Episode 81 of The Informed Life podcast features a conversation with design evangelist, educator, and coach Peter Bogaards. Peter has been sharing insights and knowledge in his blog InfoDesign since 1997; I’m one of the many people who have benefitted from his generosity.

Recently, he shared a proposed canon of user experience. At the time, he wrote,

Without being familiar with the ‘classics,’ there is always the danger of repeating mistakes from the past. And also, proper knowledge of the ideas, theories, and works of previous movers and shakers is always interesting, valuable, and useful.

This resonated strongly with me. I’ve been in the design profession long enough to see old ideas reemerge in new guises with little awareness or acknowledgment for precedents. (I’ve been guilty of it myself.) So, what is a ‘canon’?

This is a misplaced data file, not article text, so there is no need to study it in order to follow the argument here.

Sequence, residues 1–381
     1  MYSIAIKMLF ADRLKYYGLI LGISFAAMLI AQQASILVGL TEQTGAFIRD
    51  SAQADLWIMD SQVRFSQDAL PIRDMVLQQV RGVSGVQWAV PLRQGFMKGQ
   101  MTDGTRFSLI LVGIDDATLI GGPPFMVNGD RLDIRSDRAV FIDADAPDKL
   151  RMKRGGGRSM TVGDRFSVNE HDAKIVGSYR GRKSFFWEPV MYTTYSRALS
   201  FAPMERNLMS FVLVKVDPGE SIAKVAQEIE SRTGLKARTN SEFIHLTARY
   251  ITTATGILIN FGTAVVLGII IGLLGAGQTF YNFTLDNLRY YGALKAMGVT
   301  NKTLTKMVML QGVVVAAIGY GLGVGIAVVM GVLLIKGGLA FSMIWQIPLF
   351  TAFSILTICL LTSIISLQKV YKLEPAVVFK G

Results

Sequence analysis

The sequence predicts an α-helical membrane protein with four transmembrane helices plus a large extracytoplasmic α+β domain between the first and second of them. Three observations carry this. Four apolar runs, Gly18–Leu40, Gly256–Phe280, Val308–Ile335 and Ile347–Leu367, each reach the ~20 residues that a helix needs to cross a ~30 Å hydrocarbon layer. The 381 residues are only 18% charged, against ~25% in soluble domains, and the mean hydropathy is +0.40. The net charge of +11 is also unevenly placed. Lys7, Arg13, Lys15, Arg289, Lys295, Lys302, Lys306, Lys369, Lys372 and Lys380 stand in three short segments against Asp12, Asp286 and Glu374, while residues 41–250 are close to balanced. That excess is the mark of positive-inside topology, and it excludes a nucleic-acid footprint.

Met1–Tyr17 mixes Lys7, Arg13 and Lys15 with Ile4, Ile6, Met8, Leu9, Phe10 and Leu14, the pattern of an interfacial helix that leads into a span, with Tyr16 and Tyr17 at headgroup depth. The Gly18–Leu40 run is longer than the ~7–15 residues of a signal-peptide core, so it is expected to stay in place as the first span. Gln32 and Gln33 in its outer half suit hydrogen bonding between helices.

a canon is a sort of list of important works familiar in the humanities, I would say. And it sort of provides an overview of what are considered the important works of [a] field from a historical perspective.

Emphasis: this is a canon — Peter’s canon:

Now, of course, somebody has called it a personal passion project. So, it’s my view on our history. But it’s an attempt to collect and to curate a set of works from a long time ago, which are considered to be foundational for our field. So, in that respect, it’s my list, which of course shows how I see our fundament, historically speaking.

Of course, the list isn’t definitive; it’s one person’s perspective. (Albeit, one with a lot of experience and perspective.) And Peter acknowledges it’s just a start; he’s calling for recommendations on resources that may add to the canon.

That said, I agree with his initial choices. This list is very similar to the one I’d come up with. If you’re a design practitioner, student, or (especially) educator, these works deserve your attention.

The Informed Life episode 81: Peter Bogaards on a UX Canon